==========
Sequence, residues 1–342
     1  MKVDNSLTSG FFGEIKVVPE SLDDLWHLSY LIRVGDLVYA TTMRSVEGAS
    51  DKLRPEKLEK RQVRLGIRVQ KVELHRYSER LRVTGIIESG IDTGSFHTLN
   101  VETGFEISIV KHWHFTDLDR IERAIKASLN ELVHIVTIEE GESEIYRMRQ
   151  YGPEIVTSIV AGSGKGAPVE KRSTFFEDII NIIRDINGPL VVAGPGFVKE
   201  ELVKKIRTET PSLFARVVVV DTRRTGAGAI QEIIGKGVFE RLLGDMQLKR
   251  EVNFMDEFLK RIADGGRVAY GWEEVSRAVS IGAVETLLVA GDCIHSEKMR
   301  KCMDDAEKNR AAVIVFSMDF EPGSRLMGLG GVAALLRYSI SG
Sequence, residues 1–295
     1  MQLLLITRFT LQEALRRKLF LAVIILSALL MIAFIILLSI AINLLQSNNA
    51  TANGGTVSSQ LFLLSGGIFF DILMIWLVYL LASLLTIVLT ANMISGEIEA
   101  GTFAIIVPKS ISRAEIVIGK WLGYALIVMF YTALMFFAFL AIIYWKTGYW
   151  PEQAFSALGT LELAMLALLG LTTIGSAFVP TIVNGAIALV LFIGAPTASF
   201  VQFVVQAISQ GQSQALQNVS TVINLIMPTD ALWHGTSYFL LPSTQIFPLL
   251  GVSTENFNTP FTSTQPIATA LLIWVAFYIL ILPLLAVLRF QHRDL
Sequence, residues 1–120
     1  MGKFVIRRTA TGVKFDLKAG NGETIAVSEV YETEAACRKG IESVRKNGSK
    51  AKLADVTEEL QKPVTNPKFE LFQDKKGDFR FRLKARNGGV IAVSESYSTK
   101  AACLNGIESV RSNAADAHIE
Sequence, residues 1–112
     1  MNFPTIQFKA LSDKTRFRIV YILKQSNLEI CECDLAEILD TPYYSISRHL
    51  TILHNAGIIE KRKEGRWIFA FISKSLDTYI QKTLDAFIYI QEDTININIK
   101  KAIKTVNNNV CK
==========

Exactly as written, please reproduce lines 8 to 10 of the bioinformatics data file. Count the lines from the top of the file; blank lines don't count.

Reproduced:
   301  KCMDDAEKNR AAVIVFSMDF EPGSRLMGLG GVAALLRYSI SG
Sequence, residues 1–295
     1  MQLLLITRFT LQEALRRKLF LAVIILSALL MIAFIILLSI AINLLQSNNA